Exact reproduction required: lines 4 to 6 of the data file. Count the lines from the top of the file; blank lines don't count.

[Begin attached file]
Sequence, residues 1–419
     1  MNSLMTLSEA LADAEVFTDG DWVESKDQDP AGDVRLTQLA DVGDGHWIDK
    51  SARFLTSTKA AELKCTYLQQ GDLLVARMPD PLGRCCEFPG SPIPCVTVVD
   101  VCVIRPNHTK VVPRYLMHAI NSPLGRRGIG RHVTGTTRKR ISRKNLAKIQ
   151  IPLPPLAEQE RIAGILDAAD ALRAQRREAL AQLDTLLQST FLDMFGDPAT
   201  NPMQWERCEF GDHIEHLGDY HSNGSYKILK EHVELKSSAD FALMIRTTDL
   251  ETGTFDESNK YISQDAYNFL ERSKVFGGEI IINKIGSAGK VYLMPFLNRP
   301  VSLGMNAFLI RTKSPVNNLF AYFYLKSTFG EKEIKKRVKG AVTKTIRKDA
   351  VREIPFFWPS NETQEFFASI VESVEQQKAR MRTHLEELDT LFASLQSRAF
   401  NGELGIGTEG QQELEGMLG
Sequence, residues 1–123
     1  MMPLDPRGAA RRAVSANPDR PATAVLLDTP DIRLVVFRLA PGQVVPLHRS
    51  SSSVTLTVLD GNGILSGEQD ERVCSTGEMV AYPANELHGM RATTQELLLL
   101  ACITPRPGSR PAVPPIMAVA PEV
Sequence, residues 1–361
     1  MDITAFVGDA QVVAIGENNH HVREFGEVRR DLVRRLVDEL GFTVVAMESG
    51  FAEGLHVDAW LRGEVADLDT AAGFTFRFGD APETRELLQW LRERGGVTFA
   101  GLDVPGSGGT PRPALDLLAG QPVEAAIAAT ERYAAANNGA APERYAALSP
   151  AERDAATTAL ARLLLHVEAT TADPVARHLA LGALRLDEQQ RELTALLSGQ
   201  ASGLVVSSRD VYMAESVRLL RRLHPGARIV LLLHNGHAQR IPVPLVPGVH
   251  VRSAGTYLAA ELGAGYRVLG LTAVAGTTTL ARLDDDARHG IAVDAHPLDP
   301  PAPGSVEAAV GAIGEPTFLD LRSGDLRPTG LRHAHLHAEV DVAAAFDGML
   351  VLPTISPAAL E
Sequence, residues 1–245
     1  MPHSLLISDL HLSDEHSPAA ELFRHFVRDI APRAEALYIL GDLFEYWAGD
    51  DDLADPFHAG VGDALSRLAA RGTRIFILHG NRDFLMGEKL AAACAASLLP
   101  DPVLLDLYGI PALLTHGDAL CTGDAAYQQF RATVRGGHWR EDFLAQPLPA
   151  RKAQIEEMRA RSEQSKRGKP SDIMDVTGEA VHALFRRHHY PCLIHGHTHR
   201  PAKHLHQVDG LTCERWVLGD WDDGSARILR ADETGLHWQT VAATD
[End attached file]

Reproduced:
   101  VCVIRPNHTK VVPRYLMHAI NSPLGRRGIG RHVTGTTRKR ISRKNLAKIQ
   151  IPLPPLAEQE RIAGILDAAD ALRAQRREAL AQLDTLLQST FLDMFGDPAT
   201  NPMQWERCEF GDHIEHLGDY HSNGSYKILK EHVELKSSAD FALMIRTTDL